Tip: So you're shooting at nice, high resolution, but you can't fit more than a dozen or so images into your camera. What do you do? Buy more film -- or technically, more memory. Buy a couple of additional memory cards for your camera. When you fill one card, remove it and pop in another one. Many cameras come with an 8 or 32 megabyte card, neither of which holds all that much. You can get cards in much higher capacities -- 256 megabytes, 512 megabytes, and larger. Memory cards are inexpensive, and they're the best way to boost your shooting capacity.



8. Deal with shutter lag. All but the priciest digital cameras suffer from an ugly problem called shutter lag. It takes a few moments for the camera's internal computer to focus and calculate the proper exposure settings, and those few moments can cause you to lose a candid shot of a fast-moving subject. Let's just say I've taken a lot of pictures of my dog's tail because she was in motion when I pressed the shutter button.

What's the answer? Meet your camera halfway. Specifically, press your camera's shutter button halfway down -- this causes the camera to lock in on the current scene and prepare to take the shot. When you press the shutter button the rest of the way, you'll get the shot virtually instantly.

When I'm taking action shots, I partially depress the shutter button and then pan the camera to keep my subject in the screen. Even if the subject moves quite a bit between the time I partially press the button and the time I take the actual shot, I usually get a tack-sharp image.

7. Know your camera's modes. Many digital cameras have a variety of shooting modes, each optimized for a particular kind of shooting scenario. For example, my Canon PowerShot S50 has a portrait mode designed to throw the background out of focus, a fast-shutter mode designed to freeze an airborne standard poodle, and several others.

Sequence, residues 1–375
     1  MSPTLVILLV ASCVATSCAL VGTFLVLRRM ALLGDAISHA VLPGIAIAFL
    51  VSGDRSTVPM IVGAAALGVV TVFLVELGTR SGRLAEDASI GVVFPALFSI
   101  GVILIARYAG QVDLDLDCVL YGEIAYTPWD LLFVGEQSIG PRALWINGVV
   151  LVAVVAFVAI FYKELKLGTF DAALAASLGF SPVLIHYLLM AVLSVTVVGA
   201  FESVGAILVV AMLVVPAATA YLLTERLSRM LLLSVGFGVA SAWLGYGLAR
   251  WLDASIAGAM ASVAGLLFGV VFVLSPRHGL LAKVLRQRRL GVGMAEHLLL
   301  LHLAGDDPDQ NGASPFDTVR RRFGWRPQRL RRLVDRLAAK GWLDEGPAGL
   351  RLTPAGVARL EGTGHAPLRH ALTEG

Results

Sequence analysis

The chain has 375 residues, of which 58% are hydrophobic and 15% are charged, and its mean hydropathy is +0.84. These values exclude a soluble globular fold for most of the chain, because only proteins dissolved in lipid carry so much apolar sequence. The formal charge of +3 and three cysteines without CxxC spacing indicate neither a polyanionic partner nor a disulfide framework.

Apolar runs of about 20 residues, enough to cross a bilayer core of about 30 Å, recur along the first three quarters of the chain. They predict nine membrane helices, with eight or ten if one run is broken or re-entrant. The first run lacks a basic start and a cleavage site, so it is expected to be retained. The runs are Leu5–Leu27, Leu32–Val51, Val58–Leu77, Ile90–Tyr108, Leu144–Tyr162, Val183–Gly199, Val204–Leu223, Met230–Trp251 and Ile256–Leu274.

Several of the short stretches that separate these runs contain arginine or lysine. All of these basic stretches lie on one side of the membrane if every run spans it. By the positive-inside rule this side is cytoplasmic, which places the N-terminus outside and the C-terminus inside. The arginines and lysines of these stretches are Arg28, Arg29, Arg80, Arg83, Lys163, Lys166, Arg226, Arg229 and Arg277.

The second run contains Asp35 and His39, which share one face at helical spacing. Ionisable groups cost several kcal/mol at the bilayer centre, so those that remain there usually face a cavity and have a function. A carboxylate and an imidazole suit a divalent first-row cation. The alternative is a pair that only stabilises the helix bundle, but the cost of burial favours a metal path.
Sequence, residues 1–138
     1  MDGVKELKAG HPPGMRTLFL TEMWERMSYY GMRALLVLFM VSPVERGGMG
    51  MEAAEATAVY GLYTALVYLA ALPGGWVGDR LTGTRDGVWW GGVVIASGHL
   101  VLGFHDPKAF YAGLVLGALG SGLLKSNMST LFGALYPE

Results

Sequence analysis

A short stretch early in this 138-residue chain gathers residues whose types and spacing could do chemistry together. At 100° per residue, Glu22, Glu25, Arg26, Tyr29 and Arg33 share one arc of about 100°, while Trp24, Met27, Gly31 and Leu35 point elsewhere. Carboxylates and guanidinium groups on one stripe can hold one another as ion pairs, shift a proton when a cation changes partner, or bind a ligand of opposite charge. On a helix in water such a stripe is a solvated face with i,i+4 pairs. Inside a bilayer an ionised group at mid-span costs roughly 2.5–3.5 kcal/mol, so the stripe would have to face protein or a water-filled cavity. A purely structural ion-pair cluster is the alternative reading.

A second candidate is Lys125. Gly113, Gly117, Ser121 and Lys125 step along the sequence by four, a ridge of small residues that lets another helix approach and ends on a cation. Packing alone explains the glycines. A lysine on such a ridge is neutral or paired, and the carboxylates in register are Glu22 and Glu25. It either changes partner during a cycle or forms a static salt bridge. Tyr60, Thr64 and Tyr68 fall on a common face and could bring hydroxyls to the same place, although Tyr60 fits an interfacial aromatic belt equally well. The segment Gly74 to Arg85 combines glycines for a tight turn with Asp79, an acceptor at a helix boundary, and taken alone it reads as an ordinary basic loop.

With most cameras, you choose the current mode by turning a dial on top of the camera. With other cameras, you may have to use a menu setting. In any case, familiarize yourself with your camera's modes and experiment with them. They're a great way to adapt to specific shooting scenarios without having to fuss with manual-exposure settings.

6. Kill your flash. A camera's built-in flash typically creates a flat and unflattering light. I often prefer the look of natural lighting, and so I use my camera's controls to turn off the flash. (Look for a button with a little lightning-bolt icon next to it.)

If you want to take sharp photos in low light, you may want to mount your camera on a tripod. If you need to shoot a long exposure and you don't have a tripod handy, here's a workaround: turn on your camera's self-timer mode -- this is the mode you'd usually use when you want to get yourself in the picture -- and then set the camera on a rigid surface and press the shutter button. Because you won't be holding the camera when the shutter goes off, you won't risk getting a blurred shot.



5. Take advantage of ISO adjustments. Back in the old days of film, you'd buy a film with a specific speed rating. For everyday picture taking, you might buy 100 film. For taking shots in low light, you might buy 400 film for its superior light sensitivity. (These numbers refer to a film's ISO rating. ISO stands for International Standards Organization, but really -- who cares?)

Things are so much better in the digital world. Most cameras allow you change the ISO rating from one shot to the next. Shooting in bright sun at the beach? Use ISO 100. Shooting in candlelight at home? Switch to ISO 400. By adjusting your ISO setting, you can accommodate a wide variety of lighting situations.

One caveat: Photos shot at higher ISO settings are likely to have some visual graininess called noise. Some photographers are bothered by this; personally, I'd rather have a slightly noisy image with natural light than a harshly lit flash photo. Experiment and decide for yourself.